Chapter 7   early polyphony
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Chapter 7 early polyphony






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Chapter 7   early polyphony Chapter 7 early polyphony Presentation Transcript

  • ORGANUM IN MUSIC THEORY SOURCES• Western art music is marked by one important characteristic: polyphony – the simultaneous sounding of two or more independent musical lines.• It is not known exactly how polyphony began – but is innate to human expression as singing itself.
  • Musica enchiriadis (Music Handbook; c890s)• Ascribed to Abbot Hoger (d. 906)• First surviving written description of early polyphony, or organum (pl. organa).• Intended to teach church singers how to improvise polyphonic music on the spot.• This practice made Gregorian chant sound more splendid by adding one or more lines around it.• Polyphony is called organum because voices singing in harmony show a resemblance to the organ. View slide
  • Organum• Organum - a term used to connote all early polyphony generally.• Most organum in the Musica enchiriadis is parallel organum – organum in which all voices move in lockstep, up or down. • at first, parallel organum exists at the fourth or fifth • later, doubled at an octave.• The existing Gregorian chant is to be found in vox principalis (principal voice).• The vox organalis (organal voice) is the newly created line to be added to the chant. View slide
  • • Micrologus (Little Essay; c1030) written by Guido of Arezzo (d. c1033): allows for contrary motion in organum and discuss the occursus – the coming together of voices at cadences (developed by Guido of Arezzo). [Note: In the second version, each voice is doubled at the octave to allow for a fuller texture.]
  • An example of two-voice organum from Guido’s Micrologus showing a clear occursus at the end• Oblique motion – one voice repeating or sustaining a pitch while another moves away or toward it.• Oblique motion was often used to avoid the interval of a tritone.• In order to avoid this, the vox organalis would stay temporarily stationary (as seen in the example above). [Note: occursus at end of line as well as contrary motion – early signs of counterpoint!]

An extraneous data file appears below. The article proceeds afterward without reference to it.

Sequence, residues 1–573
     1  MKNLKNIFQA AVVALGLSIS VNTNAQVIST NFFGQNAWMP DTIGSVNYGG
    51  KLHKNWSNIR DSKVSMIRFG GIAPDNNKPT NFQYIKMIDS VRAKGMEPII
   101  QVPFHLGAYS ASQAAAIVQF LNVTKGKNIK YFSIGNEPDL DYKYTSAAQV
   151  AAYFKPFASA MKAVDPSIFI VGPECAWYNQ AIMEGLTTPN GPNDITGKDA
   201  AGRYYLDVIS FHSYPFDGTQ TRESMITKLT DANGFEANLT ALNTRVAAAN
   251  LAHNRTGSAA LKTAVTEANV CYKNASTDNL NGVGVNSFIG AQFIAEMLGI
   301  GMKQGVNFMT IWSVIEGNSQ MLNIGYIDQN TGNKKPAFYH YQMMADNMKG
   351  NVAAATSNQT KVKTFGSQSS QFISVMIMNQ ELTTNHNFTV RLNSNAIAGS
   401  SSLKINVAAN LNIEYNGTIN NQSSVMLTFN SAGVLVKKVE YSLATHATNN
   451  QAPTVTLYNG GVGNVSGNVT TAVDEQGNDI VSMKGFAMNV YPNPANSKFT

• ORGANUM IN PRACTICAL SOURCES• Winchester Troper (c1000): a book of tropes written in Winchester, England (Benedictine monastery), that includes the organal voice for about 150 two-voice organa. – were mainly tropes• The exact pitches of the polyphony cannot be determined with certainty as only one voice exists (that of the organa). – since the singers already knew the chant by memory.
  • Aquitanian polyphony• A collection of some sixty-five pieces of two-voice organum originating in monasteries in the southern French province of Aquitaine.• The notation of these manuscripts gives precise indication with regard to exact pitch.• Acquitanian polyphony often involves a style called sustained- tone organum – the bottom voice holds a note while the fast-moving upper voice embellishes it in a florid fashion. [usually occurs at the ends of phrases at a cadence]• The end of the opening phrase of the anonymous two-voice organum Viderunt omnes exhibits such a moment of sustained- tone organum.
  • Viderunt omnesAn anonymous example of two-voiceAquitanian polyphony Viderunt omnes
  • The anonymous Viderunt omnesas it exists in the original twelfth-century manuscript coming from southern France
  • Codex Calixtunus• (c1150; named after Pope Calixtus II) A liturgical book and travel guide – that includes twenty polyphony pieces for the liturgy of St. James the Apostle.• The Church of St. James (Santiago) in Compostela, Spain, was a pilgrimage site – in the West second in importance only to Rome.
  • An opening in the Codex Calixtinus Showing the three-voice organum Congaudeant catholici by Master Albertus of Paris.The Codex Calixtinus is the first manuscript to ascribe composers names to particular pieces.
  • Congaudeant catholociA transcription of Master Albertus’ Congaudeantcatholoci, the first example of three-voice music tosurvive in a practical source.